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Giants get pummeled in a game they couldn’t afford to lose


Colorado Rockies v San Francisco Giants Photo by Lachlan Cunningham/Getty Images

Let’s start with two facts:

  1. The San Francisco Giants season is not over, or even close to it. They’re just a half game outside of the second Wild Card spot, with seven games to play. All seven of those games are at Oracle Park, where they’ve been very good this year.
  2. This was a game they really, really, really didn’t want to lose.

The Giants don’t want to dig a hole. They don’t want to drop out of the postseason standings, with a four-game gauntlet against one of baseball’s best teams awaiting them as they cross the season’s finish line.

A series against the Colorado Rockies, a fading, bad team that’s missing their certified Giants killer? That was an opportunity to get ahead; an opportunity to build a cushion before taking on the San Diego Padres.

It still is. But the Giants need to win the next three games of the series. If they don’t, they’ll be stuck needing to do very well against the Padres, and that’s not where you want to be.

The game was bad from the onset. It was apparent in the first inning that Johnny Cueto didn’t have it, an issue that was compounded by having to make a last minute switch from his personal catcher (Chadwick Tromp), to someone he’s yet to establish rapport with (Joey Bart).

Bart and Cueto’s grand adventure went much better this time, but it still wasn’t smooth. Cueto gave up a pair of runs in the first, and by the time he left the game it was as good as over, the former ace having allowed 8 hits, 3 walks, and 7 earned runs in just 4.1 innings.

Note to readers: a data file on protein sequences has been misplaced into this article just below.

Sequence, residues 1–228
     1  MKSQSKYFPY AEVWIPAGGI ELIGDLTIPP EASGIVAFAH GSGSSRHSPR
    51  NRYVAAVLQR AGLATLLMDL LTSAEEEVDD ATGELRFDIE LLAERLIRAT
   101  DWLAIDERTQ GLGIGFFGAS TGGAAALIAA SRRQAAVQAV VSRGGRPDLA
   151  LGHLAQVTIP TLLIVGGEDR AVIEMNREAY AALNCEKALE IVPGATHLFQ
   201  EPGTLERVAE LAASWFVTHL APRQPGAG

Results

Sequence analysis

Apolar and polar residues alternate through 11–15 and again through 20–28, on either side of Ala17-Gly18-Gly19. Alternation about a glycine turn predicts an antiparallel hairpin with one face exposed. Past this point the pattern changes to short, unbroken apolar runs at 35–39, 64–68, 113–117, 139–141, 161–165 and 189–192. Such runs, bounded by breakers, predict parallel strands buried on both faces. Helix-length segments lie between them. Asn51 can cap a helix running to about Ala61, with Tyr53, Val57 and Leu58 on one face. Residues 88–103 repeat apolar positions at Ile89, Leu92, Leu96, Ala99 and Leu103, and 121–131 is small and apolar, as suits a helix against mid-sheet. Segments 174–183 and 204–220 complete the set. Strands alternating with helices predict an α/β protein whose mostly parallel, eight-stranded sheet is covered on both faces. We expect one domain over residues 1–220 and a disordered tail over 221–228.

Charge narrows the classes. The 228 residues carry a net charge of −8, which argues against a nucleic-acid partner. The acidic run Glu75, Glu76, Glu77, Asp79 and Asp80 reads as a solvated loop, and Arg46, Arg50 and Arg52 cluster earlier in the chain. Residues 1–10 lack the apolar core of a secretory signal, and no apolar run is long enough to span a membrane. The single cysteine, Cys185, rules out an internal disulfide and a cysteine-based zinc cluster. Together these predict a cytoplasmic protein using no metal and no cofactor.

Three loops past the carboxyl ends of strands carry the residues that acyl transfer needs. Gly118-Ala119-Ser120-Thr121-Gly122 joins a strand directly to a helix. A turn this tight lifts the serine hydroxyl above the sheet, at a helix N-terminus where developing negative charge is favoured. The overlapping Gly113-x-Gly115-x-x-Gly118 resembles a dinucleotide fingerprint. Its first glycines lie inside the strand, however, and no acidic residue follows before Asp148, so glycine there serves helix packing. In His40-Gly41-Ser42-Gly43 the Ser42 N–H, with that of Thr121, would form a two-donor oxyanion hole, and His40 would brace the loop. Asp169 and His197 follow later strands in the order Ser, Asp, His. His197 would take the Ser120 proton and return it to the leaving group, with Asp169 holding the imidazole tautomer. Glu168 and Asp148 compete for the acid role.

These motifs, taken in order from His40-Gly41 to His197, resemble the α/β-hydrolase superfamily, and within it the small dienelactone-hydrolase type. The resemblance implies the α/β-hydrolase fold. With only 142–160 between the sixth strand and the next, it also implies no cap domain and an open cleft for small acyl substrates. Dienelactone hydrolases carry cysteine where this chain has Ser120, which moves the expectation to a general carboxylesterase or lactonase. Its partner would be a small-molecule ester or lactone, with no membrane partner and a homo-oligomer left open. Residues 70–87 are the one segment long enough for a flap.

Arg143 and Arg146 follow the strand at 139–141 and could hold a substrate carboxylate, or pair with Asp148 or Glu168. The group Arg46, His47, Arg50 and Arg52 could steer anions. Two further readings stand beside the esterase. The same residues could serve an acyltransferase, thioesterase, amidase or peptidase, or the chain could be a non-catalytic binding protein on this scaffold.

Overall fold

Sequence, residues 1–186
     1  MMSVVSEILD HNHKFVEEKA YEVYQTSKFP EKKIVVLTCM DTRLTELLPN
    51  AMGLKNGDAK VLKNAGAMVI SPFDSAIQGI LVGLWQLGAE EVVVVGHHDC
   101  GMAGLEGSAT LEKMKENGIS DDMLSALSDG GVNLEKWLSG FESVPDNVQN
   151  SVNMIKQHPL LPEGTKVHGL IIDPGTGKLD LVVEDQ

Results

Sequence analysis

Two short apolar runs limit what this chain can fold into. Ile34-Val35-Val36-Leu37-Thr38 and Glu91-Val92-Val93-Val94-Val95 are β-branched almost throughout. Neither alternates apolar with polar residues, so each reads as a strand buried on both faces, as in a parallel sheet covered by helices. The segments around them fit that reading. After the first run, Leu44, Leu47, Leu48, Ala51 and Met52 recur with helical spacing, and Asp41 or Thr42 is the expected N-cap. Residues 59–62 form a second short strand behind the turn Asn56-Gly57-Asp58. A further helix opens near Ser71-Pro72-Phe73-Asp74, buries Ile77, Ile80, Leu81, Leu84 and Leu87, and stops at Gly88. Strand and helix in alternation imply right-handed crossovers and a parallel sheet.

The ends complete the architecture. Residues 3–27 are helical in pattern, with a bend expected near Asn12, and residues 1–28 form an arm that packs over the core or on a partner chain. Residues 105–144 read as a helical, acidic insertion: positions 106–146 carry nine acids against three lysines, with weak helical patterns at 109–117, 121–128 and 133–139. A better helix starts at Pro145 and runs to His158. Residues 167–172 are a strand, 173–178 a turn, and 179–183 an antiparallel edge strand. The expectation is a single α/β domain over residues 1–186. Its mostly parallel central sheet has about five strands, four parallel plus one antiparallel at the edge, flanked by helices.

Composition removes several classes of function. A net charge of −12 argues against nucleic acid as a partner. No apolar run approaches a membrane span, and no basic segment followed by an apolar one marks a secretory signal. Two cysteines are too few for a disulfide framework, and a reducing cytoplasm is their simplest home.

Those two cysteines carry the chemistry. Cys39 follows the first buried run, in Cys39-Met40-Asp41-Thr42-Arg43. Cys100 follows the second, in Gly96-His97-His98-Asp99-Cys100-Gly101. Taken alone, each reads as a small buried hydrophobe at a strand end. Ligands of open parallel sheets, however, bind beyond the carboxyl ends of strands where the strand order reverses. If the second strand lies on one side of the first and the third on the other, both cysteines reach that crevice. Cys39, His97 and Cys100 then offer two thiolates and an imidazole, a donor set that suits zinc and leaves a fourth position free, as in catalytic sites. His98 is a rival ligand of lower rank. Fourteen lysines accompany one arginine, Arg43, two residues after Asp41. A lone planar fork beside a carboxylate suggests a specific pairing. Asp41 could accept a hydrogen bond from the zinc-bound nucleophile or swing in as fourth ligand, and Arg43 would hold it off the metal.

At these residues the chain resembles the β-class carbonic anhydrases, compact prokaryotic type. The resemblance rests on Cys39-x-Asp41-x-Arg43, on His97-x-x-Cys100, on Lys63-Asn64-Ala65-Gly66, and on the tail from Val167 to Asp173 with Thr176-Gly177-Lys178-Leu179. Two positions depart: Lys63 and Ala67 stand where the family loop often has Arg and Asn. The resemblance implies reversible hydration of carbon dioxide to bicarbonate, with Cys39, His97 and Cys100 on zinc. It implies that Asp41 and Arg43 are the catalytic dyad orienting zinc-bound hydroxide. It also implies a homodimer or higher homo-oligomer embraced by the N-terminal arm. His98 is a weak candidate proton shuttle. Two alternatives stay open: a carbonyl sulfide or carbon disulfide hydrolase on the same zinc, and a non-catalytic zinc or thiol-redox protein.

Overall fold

Those are bad numbers, and worse numbers when you consider that Rockies entered the game with the third-worst offense in all of baseball, per Fangraphs. Colorado is hitting 76% as well as the average team and, again, was without Nolan Arenado.

But they hung 7 on Cueto swiftly and effortlessly, and the Giants feeble comeback attempt fell five runs short, resulting in a 7-2 loss.

The Giants had one bright spot in this game, and one bright spot only: Alex Dickerson.

Dickerson returned to the team the day after he and his wife welcomed a child into the world, and the outfielder did his little one great service, hitting 3-4 with a home run.

But even the Giants bright spot isn’t all peaches and snowcones, as Dickerson was robbed of a chance to hit for the cycle when he was plunked by a pitch in the ninth inning; as a result, he needs an MRI on his elbow.

And other than that, the Giants were listless when they could least afford to be.

They gave up a home run to former Giant Kevin Pillar. They hit 1-8 with runners in scoring position. No one other than Dickerson had an extra-base hit. The defense was bad.

If there’s any consolation, it came from the four relievers: Wandy Peralta, Shaun Anderson, Sam Coonrod, and Trevor Cahill, who combined to allow just 1 hit, 1 walk, and 0 runs, with 7 strikeouts in 4.2 innings.

That wasn’t enough; not even close.